This picture shows the hallways of the two hotels we stayed in on this trip.  The left is a quaint little place in Szombathely with about 8 rooms.  The right shows the long hallway on one wing of the former monastery.

In Győr the elders went with us to visit a nursing/assisted living home for the elderly.  The building we visited has 135 residents; and some rooms on each floor were being remodeled to be wheelchair accessible.  There were 5 other buildings, which house 312 residents.   

After the elders helped us, we went with them to a ‘program’ at a sweet member lady’s home a ways out of town (we were the transportation) where she fed us lunch.

On the way we passed the Győr City Hall, a beautiful landmark in this city.  This was built in 1898.  Besides rooms for assemblies and meetings, it also houses a concert hall. 

And then we headed home.   As we drove through a small town, we noticed an imposing building up on the mountain, so we drove to see what it is.   The short drive took us up a hill and in a beautiful forest setting we discovered the Benedictine Pannonhalma Archabbey, built in 996.   The Abbey is the 2nd largest in the world and currently houses 50 monks and the Benedictine Boy's Boarding School.  Information told us that if someone graduates from there, they have no problem going to any university they choose.  We took a fascinating tour.  Come with us and see. .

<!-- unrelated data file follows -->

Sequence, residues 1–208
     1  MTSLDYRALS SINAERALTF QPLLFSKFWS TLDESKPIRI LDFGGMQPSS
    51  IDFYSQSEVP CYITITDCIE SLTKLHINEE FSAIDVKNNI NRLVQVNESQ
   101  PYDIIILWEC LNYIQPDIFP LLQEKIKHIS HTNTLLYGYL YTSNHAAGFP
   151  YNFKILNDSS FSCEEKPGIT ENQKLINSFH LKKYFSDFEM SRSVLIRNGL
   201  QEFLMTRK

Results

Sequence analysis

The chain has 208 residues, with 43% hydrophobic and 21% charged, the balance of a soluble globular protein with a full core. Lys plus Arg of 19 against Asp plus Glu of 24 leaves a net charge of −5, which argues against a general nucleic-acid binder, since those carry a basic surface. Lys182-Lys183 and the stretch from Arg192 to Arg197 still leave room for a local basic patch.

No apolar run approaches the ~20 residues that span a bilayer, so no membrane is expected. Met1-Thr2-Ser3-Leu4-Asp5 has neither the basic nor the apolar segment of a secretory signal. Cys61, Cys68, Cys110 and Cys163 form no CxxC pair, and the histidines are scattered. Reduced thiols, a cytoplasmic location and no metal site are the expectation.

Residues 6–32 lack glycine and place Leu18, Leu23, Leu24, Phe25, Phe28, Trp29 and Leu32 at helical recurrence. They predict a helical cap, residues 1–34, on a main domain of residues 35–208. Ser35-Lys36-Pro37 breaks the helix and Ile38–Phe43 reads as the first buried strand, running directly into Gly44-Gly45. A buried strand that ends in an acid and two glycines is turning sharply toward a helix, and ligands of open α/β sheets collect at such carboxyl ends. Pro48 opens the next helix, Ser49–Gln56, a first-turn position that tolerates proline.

Some of the outer walls -- some of which date back to the beginning in 996.  

The Basilica on the left was consecrated in 1224 and the Porta Speciosa, 
one of the entrance doors into it on right.

The library was truly amazing! Built in the 1820's, it houses the oldest written examples of the Hungarian language and over 400,000 books -- and they are large and old and placed two deep on the shelves!   Each wall contains its own subject of law, theology, medicine or the arts. 
Friday was a busy day – district meeting, lunch with the elders, shopping and then get ready for Young Single Adults that evening.  Always after a trip, there is a ton of paper work to do – we have to document every receipt and send to the area welfare offices.  When a project closes, that also requires much accounting.   There’s no time to get bored.  

Saturday morning we had to do missionary apartment inspections (transfers coming up this week). I always make some food for the elders as a reward for a clean apartment. As we walked through Kaposvár, we discovered a small parade -- complete with music -- opening up the Honey Festival.  And then we got to meet the Honey Queen.  (Stan wanted to call her the Queen Bee, but don't think that's what she was.)

This weekend was the ‘Linger Longer’ after meetings today; but it turns out that there are only a couple of us that bring anything to share.  And we had a local sister and one set of elders over for dinner this evening.  This sister is quite a talker – and thought she would die coming up our 96 stairs!  

This week we are so grateful for a loving and merciful Heavenly Father and His Son, Jesus Christ, who have given us scriptures, prophets, teachings,  guidelines -- even commandments -- that provide the plan, the process and the actions that we each must do to become like them and return to be with them.  "Oh, how great the wisdom and the love."

1 comment:

  1. I checked last night and was sad not to find your post, but this morning, here it is. Another wonderful post of a good week. Loved it all.